Our Friends of Scouting theme last year was Imagine… The conversation revolved around imagining not just what Scouting could help your son or daughter realize, but to also imagine what the world would be like without Scouting.
As the Boy Scouts of America proceeds into bankruptcy proceedings as it struggles with the fallout from decades of improperly handling abuse allegations by volunteers, we can actually begin to realize what the world would be like if Scouting – the organization, not the movement – were no longer around. And even though bankruptcy is intended to shield the remaining assets, it’s not inconceivable that Scouting as we know it could diminish to the point where it is no longer sustainable.
The national organization is taking some steps to try to shore up its revenue and its membership. The move to bring girls into the traditional boy-only programs of Cub Scouting and Boy Scouting was hoped to increase membership by essentially doubling the number of youth we could recruit from.
Unfortunately, membership alone won’t quite balance the books, so National, for the second year in a row, has announced increases in membership fees. Last year’s hike in the youth membership fee to $60 nearly doubled the per-Scout charges at the national level. Many, if not most, volunteers regarded the timing as disruptive, for the increase was announced after most Cub Scout packs had done their initial recruiting and program launch based on the then-current $33 fee, and had to scramble to come up with the funds to pay the added cost. Some went back and asked their families, but most packs somehow absorbed the cost, dipping into reserves, doing away with planned program activities, or using fundraising proceeds.
Now, eight months later, we’re hit with another national fee increase. It’s not as much as last year’s jump, but this time packs will be able to plan how to handle it. National registration in Cub Scouts, Scouts BSA, Venturing and Sea Scouting goes to $66 for youth joining after August 1 and for youth renewing after October 1 (essentially, at next year’s charter). Adults and those in Exploring will pay $42. In addition, a new one-time $25 joining fee is paid by youth coming on board, and the annual unit charter fee climbs to $75. (And while National isn’t officially saying, we’re hearing the $66 goes up to $72 in 2021 and $75 in 2022.) The BSA says the money won’t go to compensate past victims of abuse, but is needed to pay for “essential services” which include, among other things, liability insurance, the cost of which has skyrocketed for the organization. We’re told, too, that National has realized cost savings through furloughs, staff reductions and departmental consolidation.
But the national fee increase is just one cost hike that we’re likely to see. Local councils have been given the go-ahead to add a fee of their own, up to the amount of the national $66 or $42 fee, to cover their own operating expenses. Previously, councils could charge for insurance but had to rely upon fundraising proceeds (the one-third split from popcorn sales) and donations through Community and Family Friends of Scouting to cover a large part of their operating budgets. Here in Michigan, for instance, a new $60-per-Scout fee is being added, bringing the annual total to $126 (plus $25 for new members) – up from $72 last year, $34 the year before and a far cry from the $12 when we first joined. The local fee covers insurance, operating costs (we have a lot of horses to feed) and offsets revenue from Friends of Scouting, which is being discontinued. It also covers basic adult training courses and is said to include campsite rental and what are being called “signature events” for Scouts and families.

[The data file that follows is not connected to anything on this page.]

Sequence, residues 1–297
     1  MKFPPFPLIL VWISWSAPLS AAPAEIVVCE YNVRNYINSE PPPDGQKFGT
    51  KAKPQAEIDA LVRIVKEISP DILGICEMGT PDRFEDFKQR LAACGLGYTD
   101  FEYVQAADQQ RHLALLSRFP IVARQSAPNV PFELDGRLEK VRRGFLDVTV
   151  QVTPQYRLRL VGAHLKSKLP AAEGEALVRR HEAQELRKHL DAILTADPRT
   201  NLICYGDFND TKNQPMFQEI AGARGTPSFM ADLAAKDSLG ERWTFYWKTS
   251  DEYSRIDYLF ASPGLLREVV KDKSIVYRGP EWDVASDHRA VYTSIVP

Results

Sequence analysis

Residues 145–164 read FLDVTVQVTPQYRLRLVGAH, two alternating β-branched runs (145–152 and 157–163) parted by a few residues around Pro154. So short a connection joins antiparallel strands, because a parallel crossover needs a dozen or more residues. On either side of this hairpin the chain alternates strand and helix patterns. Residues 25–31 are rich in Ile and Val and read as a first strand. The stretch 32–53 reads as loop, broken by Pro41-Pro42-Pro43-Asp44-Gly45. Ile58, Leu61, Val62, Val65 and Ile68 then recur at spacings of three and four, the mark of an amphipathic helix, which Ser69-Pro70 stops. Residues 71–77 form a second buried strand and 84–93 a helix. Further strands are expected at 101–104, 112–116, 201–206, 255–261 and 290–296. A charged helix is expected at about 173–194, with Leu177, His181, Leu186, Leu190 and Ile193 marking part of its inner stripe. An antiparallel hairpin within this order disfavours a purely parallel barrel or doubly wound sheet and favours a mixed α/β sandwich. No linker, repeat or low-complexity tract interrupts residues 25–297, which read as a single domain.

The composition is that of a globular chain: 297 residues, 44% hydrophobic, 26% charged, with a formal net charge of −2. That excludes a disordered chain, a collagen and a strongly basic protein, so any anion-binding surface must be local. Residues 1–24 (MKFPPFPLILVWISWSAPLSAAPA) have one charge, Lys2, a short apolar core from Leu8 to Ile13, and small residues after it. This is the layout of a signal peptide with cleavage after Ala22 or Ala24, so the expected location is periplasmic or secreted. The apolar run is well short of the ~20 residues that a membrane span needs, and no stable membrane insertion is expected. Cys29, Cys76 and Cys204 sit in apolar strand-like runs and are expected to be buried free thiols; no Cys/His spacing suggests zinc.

Other changes here include eliminating our four field service councils and replacing them with service areas for the east and west sides of the state, closing some service centers, concentrating functions in specific office locations, and improving online Scout Shop order fulfillment.
To make the fee increase easier to handle, many councils including ours are signing on with a new installment program called ScoutPay, which allows a smaller initial payment followed by a monthly recurring payment of $11, which can be paid with a credit card or bank debit. This allows families the flexibility to pay-as-you-go while relieving units of the need to collect fees from families and forward them to their local council.
In most areas of the US, smaller local councils still operate independently, but expect to see more consolidation along the lines of what’s been done here in Michigan over the last ten years.
The fee increases, operational changes and the general turmoil surrounding the BSA are causing us to reimagine what Scouting might look like.
Image: ankris / freedigitalphotos.netThis post Scouting reimagined first appeared on Bobwhite Blather.